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Bourne End to Shiplake (18-03-2014)

Sorry this post was delayed! You might have noticed the site going down a week ago, well I had to reinstall everything which took days…and after that I didn’t feel like doing much at all.

This is the final walk in what I now call the Mud Trilogy – after this one I decided to stop walking until later in the year because, well, Tim and mud do NOT mix, and on all three walks I ended up in the middle of a swimming pool of mud, a completely sodden field due to a enforced ‘detour’. Yes I’m a bad walker, but avoiding drowning in mud is not fun, and because of the flooding and the especially wet winter, there is a lot of water out there!

There are plenty of walks to come though, both later in the year, and also the last coastal walk – and many years of walks before that.

This is both a continuation of the last blogged walk, Reading to Shiplake – which was supposed to get to Henley but I ran out of time, and an earlier walk from a few years ago which was meant to be Henley to Bourne End, but it also ended a few miles short at Marlow – during a fair I seem to remember with feral local youth gathering in the shadows and the police horse vans moving in en masse (!). So, I had two couple mile stretches within 10 miles of each other, and rather than hop on trains it seemed sensible to just walk it again in full to connect the two parts. So in future you will see some of these sights, but in the other direction, and from another time.

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When I came here in June 2012, typically for summer it was chucking it down (also there was a lot of Olympics-related fun along those stretches but that’s for another time). I’d just missed the train from Bourne End, having had to abort the walk due to rain and darkness (and also not being sure if I would get stranded on the opposite side of the river to the station – always a problem in this part of the world).

So Bourne End made me feel at home again by proceeding to rain as I arrived…deja vu. Sadly the pub I sheltered in two years ago by the station was no more – it was a really nice pub too. Despite the previous days of sunshine, this was suddenly an Arctic wind, and raining…it was supposed to be cloudy with sunny patches, but more cloudy with cloud patches with a touch of rain. Oh and a bit more cloud for good measure.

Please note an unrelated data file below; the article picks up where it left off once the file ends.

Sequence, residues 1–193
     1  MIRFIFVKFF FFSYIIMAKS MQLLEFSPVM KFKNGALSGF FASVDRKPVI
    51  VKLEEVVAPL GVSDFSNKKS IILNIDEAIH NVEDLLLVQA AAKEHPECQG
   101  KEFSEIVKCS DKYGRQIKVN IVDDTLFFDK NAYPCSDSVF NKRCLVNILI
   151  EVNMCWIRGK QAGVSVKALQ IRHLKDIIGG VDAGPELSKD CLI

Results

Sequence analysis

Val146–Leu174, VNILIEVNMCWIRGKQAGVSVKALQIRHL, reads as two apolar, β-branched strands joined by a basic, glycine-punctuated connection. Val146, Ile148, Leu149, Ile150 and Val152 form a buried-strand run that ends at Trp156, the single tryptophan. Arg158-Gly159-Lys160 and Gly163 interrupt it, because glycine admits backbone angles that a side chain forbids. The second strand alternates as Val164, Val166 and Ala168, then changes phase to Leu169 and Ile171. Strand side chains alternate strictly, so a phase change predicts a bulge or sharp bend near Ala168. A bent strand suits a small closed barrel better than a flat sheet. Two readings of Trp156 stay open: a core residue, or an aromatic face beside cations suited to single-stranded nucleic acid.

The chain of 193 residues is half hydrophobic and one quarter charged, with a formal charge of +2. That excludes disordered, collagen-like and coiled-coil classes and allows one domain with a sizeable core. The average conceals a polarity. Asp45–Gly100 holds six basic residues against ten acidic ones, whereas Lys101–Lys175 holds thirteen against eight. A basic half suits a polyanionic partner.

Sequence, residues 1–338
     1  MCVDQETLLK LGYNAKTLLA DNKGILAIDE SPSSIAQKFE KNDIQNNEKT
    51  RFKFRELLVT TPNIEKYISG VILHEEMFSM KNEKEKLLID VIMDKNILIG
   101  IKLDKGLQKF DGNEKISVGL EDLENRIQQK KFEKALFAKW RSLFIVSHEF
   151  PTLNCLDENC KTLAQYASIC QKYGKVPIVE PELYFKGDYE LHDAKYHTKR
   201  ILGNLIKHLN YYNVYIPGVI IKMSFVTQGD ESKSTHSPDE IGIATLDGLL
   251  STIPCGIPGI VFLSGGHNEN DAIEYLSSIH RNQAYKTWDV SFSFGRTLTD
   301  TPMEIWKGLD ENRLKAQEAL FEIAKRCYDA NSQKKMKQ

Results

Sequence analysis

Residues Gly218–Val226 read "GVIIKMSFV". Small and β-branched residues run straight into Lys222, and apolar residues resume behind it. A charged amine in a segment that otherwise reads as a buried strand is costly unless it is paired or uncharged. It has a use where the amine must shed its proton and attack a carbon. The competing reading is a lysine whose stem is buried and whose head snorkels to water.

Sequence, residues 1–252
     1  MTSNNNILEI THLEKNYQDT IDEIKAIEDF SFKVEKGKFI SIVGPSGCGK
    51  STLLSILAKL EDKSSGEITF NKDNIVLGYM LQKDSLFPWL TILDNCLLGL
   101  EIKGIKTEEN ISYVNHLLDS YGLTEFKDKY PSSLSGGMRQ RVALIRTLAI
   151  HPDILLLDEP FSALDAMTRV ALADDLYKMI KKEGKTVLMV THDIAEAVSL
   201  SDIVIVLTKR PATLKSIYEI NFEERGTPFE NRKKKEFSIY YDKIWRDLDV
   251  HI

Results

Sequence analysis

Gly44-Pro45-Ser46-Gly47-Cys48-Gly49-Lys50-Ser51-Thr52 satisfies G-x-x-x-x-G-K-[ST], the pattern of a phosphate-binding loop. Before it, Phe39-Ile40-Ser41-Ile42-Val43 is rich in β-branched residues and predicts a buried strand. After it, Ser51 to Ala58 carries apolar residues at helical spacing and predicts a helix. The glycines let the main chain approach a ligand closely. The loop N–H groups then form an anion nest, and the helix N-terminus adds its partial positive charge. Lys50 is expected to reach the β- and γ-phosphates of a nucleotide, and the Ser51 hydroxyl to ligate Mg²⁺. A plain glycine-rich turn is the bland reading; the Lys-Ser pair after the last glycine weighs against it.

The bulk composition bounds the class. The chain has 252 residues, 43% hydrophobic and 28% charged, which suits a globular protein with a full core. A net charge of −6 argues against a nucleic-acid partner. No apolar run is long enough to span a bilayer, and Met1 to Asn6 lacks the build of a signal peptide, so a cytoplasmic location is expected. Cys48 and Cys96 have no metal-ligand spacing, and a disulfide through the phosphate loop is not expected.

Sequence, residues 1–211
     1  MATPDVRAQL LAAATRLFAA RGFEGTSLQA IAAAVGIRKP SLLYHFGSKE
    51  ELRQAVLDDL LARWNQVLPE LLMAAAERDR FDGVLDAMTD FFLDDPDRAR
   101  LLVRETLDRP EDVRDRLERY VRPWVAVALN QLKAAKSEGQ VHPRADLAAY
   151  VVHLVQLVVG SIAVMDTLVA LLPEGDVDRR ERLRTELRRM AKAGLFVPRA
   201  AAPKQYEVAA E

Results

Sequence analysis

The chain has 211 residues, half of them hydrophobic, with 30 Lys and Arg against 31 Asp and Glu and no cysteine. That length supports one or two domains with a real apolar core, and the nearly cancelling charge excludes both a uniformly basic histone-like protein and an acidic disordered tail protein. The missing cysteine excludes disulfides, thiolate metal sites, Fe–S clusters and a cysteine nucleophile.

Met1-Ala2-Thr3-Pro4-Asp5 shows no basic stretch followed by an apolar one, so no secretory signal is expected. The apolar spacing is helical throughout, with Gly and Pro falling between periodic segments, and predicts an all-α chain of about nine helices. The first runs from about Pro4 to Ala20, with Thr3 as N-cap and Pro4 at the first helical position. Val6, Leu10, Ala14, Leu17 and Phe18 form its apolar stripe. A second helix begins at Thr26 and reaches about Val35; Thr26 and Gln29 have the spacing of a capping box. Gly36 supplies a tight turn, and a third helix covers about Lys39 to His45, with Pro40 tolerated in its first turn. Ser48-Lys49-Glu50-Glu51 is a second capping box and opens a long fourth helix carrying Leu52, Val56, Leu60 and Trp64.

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So I headed to the river and thus the railway bridge, single track, iron and painted green. Apparently one Callum Dunkin had won the 2013 Rivet Challenge, I have no idea what that is…maybe he had to lick every rivet or something…or paint them institution green. At this point I got a bit confused which side I was supposed to be on, there’s a path on the other side but it’s not the Thames Path, and the station side has the Thames Path one way only, the other way blocked by the usual people wanting exclusive access to the river (which would have not been the case in toll-path days). So finally on the right track, and we’re met by the other thing that’s common in this world (apart from KEEP OUT! CCTV! Pretend legally binding signs, PRIVATE! and FIERCE DOGS!) which is the 6 foot high fence or hedge, usually with a mate on the other side only just over a body width apart. As my partner says, this is offencive (his pun, not mine! Don’t hit me!).

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Hmm, nice view!

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Insert olbigatory snark about the lack of need for ice-cream and cold drinks.

 

So past all the rowing clubs (another staple of this part of the world), intrigued at the 1947 Flood Mark on the entrance to Spade Oak Meadow, I wonder if this year was worse? Oh more mud, you shouldn’t have. Seems even the benches are fed up with it:

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Passing rowers who seem to be taking the shank’s pony route with their boat, and past a rather strange castle type building on the opposite bank, which I’m fairly sure I’d taken pictures of last time – I wonder if I got this far then turned back to Marlow? It looked familiar, then again strange castle like buildings are common around here. As with the last river walk, many signs of flooding and flotsam along the banks, mud and even damage to a jetty which probably broke free or tried to float when underwater. All quiet until Marlow, and the path suddenly stops in a new development, rather unceremoniously. The park is nice (looked on the map, it doesn’t seem to have a name but it’s by Gossmore Recreation Park, or part of it), and lovely cherry blossom which has probably been tricked by the unusually nice weather…it might be regretting that now.

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Path…DENIED!

So round we go, along far too many roads, small windy medieval ones with of course the requisite rich wankers in a chrome-plated 4x4s – it seems along with large Audis and BMWs small roads collect these people like flies. Marlow looked better in the sunshine though, very busy and I found a nice cafe and had a chilli chicken and cucumber wrap which actually was quite nice despite the really odd concept, and a hot chocolate. Back via the Church which I had checked out last time, and again found the path near the bridge, although there was the usual conflicting signs (‘No access to river’ vs ‘Thames Path this way!’ – hmm, I wish signs were more clearly flagged visually as to whether they are for pedestrians or motorists…I tend to ignore signs as a result I have to say).